Experiment #2: I went analog for my daily To Do list.
I’ve been using ToDoist for years now to track my daily tasks, and while I like it—it was adding to my screen time in a big way.
I had seen ads (yes, on Facebook), for a premium journal called a Self Journal. It claimed to be “A simple yet powerful daily planner to help you optimize your day, tackle your goals, and be happier.”
These promises seemed a bit of a reach, but I was delighted to find that the journal has helped me do just what it says. It’s not just a nice daily planner, but it’s laid out in a way that helps you to structure your time. It also has some nice, morale-boosting elements planned in—you write down three things you are grateful for in the morning and there are nice, peppy quotes sprinkled throughout.
The biggest gift the journal has given me is a strange concept—to give my every working minute a job. In the morning, the first thing I do it sit with my journal. I sort my available hours into blocks, and tackle the most important work first. Before I started using this, I would sit down at my desk and answer emails for a couple of hours. The emails would have a bunch of mind-draining questions and I’d have to go get information and write it up nicely, etc, etc. in order to answer them all! Exhausting. After doing emails, I would then turn to my writing!
I was putting everyone’s requests in front of my own work.
Zoinks! Once I saw this pattern, I knew I had to stop it.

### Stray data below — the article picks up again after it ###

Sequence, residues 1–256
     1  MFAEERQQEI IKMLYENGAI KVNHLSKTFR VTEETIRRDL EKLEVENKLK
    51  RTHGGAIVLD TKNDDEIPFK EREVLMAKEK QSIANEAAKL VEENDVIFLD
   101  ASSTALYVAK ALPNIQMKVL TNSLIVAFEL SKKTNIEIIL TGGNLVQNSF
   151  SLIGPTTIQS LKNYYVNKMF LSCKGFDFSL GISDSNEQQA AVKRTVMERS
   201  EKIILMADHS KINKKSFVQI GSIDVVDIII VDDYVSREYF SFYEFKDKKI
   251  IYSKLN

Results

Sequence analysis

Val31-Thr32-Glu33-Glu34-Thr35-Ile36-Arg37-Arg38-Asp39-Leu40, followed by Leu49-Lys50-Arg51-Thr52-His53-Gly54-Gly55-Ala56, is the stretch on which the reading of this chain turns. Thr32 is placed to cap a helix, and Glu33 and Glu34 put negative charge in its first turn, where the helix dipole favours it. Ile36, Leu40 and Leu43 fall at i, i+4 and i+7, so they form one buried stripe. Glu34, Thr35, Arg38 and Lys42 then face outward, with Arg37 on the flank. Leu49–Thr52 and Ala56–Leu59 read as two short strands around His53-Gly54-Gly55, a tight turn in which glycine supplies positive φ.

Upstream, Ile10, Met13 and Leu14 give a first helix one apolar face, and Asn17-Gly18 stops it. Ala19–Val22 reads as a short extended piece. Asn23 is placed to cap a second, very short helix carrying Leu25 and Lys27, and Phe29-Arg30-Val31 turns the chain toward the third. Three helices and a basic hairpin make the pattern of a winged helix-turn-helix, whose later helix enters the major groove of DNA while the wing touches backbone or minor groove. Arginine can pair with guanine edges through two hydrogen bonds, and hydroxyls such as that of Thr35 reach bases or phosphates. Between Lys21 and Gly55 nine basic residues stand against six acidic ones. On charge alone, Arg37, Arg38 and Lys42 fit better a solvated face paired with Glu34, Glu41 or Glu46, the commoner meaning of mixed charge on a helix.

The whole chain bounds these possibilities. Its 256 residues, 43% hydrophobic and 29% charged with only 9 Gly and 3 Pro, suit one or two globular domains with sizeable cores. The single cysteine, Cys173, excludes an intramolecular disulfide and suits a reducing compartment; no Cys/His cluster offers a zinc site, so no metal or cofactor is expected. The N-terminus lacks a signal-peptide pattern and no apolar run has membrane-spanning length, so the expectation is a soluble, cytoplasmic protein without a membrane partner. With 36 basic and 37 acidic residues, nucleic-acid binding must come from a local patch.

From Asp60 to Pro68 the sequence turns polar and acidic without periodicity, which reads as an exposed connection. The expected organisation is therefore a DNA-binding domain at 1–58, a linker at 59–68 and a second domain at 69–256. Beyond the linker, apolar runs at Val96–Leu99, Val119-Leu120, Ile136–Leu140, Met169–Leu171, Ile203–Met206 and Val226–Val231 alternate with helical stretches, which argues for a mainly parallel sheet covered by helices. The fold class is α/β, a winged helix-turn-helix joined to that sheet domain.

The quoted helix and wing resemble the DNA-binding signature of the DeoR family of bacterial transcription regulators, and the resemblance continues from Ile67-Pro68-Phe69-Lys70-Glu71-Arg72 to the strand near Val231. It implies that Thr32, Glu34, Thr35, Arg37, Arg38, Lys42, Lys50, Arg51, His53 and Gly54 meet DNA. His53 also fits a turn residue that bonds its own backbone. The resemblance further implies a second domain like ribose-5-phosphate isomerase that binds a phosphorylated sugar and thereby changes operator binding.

Now I make sure the first two-hour block goes to writing. Then I do other tasks, have lunch, and resume for another one to two-hour writing block in the afternoon. It’s working so beautifully for my book, but you know what happens sometimes? …I don’t get to all my emails.
At first, this made me panicky. I’ve always prided myself on being a fast email responder, turning them all around within a matter of hours. Now I had become someone who didn’t get back to people… sometimes until the next day! (Just to be totally transparent here – I still answer professional emails toot suite, as well as ones from my mom and dad!) I’ve found that, again, no one really complained about me slacking off in this area.
Does working with a paper journal impact my mental health? Yes! I really like checking things off in the journal. And I find the moments of reflection it encourages boost me up. It has an area on each page for you to write goals—they can be lifetime goals, daily goals, monthly—whatever you want.
Here are some goals I’ve written down over the last few weeks:
- Get a writing residency and write edgy, crazy sci-fi short stories.
- Love exercise again.
- Let go of perfectionism.
- Draw more with Rex.
- Learn to speak with a Norwegian accent and pitch yourself as the narrator for the audiobook edition of Berserker.
Are those fun to read? They sure were fun to write…